As your Representative, I hope to reflect your interests and concerns in my work at the Capitol, so please reach out at any time. The Iowa Legislature’s webpage, www.legis.iowa.gov, has a great amount of information for you to read. In addition to reading bills and finding out what’s happening in the House or Senate on any given day, you can listen to or watch our debates live.
Please check out other information and pictures from the current session on my website www.bobkressig.com. In addition to listening posts, forums, and Black Hawk County Representatives’ weekly video update, you can also reach me by email or call me at home at 319-266-9021. We can also stay connected through social media, including Facebook, Twitter and YouTube. I appreciate hearing from you and I thank you for your continued support.
Thank you for taking the time to read the Statehouse News. Please keep in touch!
5-7 Burnt City: A One-Persian Show about U.S.-Iran relations, UNI Interpreters Theatre, 7pm, 273-2311
6 Northern Iowa Bach Cantata Series Performance, *GBPAC, 12:15pm, 273-2024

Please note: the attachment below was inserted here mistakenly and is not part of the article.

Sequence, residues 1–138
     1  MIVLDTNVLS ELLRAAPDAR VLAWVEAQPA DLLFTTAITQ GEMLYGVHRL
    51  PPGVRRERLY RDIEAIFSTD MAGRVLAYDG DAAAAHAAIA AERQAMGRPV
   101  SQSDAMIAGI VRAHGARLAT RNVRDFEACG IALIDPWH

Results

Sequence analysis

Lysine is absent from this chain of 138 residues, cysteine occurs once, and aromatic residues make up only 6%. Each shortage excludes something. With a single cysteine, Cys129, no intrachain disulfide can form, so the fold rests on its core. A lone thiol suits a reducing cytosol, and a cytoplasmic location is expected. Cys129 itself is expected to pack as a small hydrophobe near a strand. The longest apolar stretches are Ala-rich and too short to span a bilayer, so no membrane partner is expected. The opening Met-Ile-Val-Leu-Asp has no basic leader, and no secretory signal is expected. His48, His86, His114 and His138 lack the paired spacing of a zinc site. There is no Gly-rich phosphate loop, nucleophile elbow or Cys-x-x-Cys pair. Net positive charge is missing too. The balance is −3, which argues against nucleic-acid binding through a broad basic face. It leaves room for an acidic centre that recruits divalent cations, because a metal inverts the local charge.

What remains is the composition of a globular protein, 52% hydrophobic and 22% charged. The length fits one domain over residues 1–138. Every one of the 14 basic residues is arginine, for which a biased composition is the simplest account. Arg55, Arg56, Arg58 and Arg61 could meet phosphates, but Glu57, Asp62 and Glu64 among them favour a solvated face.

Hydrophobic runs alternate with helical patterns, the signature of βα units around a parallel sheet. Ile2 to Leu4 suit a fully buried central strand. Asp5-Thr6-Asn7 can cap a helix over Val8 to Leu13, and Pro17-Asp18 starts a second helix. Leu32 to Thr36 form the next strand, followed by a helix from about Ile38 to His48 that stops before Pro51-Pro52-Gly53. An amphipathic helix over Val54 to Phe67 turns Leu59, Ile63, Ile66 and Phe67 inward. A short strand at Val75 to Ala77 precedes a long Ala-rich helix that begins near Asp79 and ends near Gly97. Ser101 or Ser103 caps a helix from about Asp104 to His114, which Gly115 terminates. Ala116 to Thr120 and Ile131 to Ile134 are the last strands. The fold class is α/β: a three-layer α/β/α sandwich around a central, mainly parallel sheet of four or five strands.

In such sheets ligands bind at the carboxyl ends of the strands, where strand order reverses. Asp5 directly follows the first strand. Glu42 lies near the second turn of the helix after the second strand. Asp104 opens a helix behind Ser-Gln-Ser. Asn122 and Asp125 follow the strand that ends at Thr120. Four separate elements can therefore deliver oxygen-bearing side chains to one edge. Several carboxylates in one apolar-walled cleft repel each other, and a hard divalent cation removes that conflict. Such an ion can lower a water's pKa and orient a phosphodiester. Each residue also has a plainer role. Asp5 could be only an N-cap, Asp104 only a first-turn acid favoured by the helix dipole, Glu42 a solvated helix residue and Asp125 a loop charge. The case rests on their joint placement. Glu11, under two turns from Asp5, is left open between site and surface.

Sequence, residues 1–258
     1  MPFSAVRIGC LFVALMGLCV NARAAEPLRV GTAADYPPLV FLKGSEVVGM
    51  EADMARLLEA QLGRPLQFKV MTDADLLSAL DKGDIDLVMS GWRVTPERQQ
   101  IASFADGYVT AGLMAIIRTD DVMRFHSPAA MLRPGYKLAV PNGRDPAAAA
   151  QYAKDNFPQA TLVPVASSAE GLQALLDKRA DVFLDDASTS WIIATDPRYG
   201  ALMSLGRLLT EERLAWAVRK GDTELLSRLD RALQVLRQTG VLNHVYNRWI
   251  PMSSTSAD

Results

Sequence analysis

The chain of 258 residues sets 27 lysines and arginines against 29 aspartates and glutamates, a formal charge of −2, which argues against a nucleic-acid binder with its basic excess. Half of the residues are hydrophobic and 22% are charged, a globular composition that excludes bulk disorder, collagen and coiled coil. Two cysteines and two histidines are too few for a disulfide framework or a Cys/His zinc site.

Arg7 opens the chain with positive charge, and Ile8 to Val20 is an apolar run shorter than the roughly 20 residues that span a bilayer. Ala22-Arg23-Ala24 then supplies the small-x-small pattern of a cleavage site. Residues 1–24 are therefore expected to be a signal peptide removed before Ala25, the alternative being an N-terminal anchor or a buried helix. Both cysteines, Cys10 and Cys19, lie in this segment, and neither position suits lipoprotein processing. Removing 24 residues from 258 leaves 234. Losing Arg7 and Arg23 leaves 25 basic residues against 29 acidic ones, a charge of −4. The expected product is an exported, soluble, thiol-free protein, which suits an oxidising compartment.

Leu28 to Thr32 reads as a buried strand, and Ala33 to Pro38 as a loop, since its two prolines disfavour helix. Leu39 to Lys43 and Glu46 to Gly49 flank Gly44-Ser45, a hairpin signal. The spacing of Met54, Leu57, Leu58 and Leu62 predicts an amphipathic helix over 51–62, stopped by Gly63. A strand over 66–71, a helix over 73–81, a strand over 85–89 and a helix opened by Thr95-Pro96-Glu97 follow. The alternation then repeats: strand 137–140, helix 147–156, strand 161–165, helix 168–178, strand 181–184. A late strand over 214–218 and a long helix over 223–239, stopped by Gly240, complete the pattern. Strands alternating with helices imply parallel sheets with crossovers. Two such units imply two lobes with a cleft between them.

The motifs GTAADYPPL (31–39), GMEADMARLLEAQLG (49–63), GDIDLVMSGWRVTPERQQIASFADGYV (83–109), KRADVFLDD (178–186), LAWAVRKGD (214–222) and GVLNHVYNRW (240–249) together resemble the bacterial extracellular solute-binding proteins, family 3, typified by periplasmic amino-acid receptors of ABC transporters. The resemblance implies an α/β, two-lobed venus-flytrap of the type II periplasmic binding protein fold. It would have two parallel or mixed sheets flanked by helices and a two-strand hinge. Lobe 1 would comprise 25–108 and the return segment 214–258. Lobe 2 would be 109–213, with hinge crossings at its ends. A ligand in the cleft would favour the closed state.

6 UNI Women’s Basketball vs Drake, McLeod Center, 6:30pm, 273-4849
7 Sticky Stride Race, River Hills School, 8am, 277-2187
7 Heyday for Hope Barn Bash, Elks Club, 5-11pm, 232-3823
7 wcfsymphony concert: Honoring Our Own, *GBPAC, 7pm, 273-3373
7-8 Maple Syrup Festival Hartman Reserve, Nature Center, 7am-1pm, 433-7275
8 YAMATO the drummers of Japan, *GBPAC, 4pm, 273-7469
8 Celtic Concert, Oster Regent Theatre, 6:30pm, 277-5283
9 String Chamber Music Concert, *GBPAC, 8pm, 273-2024
10 Spotlight Series Concert: UNI Choirs Concert, *GBPAC, 7:30pm, 273-2024
12 Cedar Valley Taste of Achievement, Bien Venu Event Center, 6pm, 862-1100
Revitalizing Small Towns and Rural Areas in Iowa
Iowa’s small towns and rural communities are facing a number of challenges with shrinking population, fewer jobs, an aging housing stock, closing schools, and lack of access to basic health care services. These factors have made it difficult to keep young people in rural communities or attract new business and workers. It’s essential that we work together this year to revitalize small towns and rural areas.
In Iowa, 23.4% of households are housing cost-burdened, which means they spend more than 30% of their income on housing. We need to make sure all Iowans have access to safe, affordable housing for their families. We also need to give Iowans the opportunity to fix up and rehab abandoned houses.